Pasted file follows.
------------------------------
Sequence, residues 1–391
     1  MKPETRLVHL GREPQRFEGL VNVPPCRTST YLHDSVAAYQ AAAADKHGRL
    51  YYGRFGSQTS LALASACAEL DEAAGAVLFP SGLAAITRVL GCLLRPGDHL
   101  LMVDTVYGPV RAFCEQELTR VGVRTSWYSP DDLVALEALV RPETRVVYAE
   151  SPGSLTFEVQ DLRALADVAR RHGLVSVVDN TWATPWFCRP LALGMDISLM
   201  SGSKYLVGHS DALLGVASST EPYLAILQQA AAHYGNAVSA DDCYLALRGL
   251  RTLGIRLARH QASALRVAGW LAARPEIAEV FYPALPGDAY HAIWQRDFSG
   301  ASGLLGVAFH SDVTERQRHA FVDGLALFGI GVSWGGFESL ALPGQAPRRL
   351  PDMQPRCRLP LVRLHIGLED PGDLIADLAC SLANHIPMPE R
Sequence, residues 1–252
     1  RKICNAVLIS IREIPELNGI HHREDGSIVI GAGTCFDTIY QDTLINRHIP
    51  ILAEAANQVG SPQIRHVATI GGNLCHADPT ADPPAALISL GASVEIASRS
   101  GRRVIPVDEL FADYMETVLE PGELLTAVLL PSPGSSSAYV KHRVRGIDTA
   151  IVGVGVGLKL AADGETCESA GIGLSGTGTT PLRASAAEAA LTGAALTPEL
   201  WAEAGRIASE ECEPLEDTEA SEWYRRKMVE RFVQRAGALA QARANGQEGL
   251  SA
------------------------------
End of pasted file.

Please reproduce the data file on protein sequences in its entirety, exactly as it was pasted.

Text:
Sequence, residues 1–391
     1  MKPETRLVHL GREPQRFEGL VNVPPCRTST YLHDSVAAYQ AAAADKHGRL
    51  YYGRFGSQTS LALASACAEL DEAAGAVLFP SGLAAITRVL GCLLRPGDHL
   101  LMVDTVYGPV RAFCEQELTR VGVRTSWYSP DDLVALEALV RPETRVVYAE
   151  SPGSLTFEVQ DLRALADVAR RHGLVSVVDN TWATPWFCRP LALGMDISLM
   201  SGSKYLVGHS DALLGVASST EPYLAILQQA AAHYGNAVSA DDCYLALRGL
   251  RTLGIRLARH QASALRVAGW LAARPEIAEV FYPALPGDAY HAIWQRDFSG
   301  ASGLLGVAFH SDVTERQRHA FVDGLALFGI GVSWGGFESL ALPGQAPRRL
   351  PDMQPRCRLP LVRLHIGLED PGDLIADLAC SLANHIPMPE R
Sequence, residues 1–252
     1  RKICNAVLIS IREIPELNGI HHREDGSIVI GAGTCFDTIY QDTLINRHIP
    51  ILAEAANQVG SPQIRHVATI GGNLCHADPT ADPPAALISL GASVEIASRS
   101  GRRVIPVDEL FADYMETVLE PGELLTAVLL PSPGSSSAYV KHRVRGIDTA
   151  IVGVGVGLKL AADGETCESA GIGLSGTGTT PLRASAAEAA LTGAALTPEL
   201  WAEAGRIASE ECEPLEDTEA SEWYRRKMVE RFVQRAGALA QARANGQEGL
   251  SA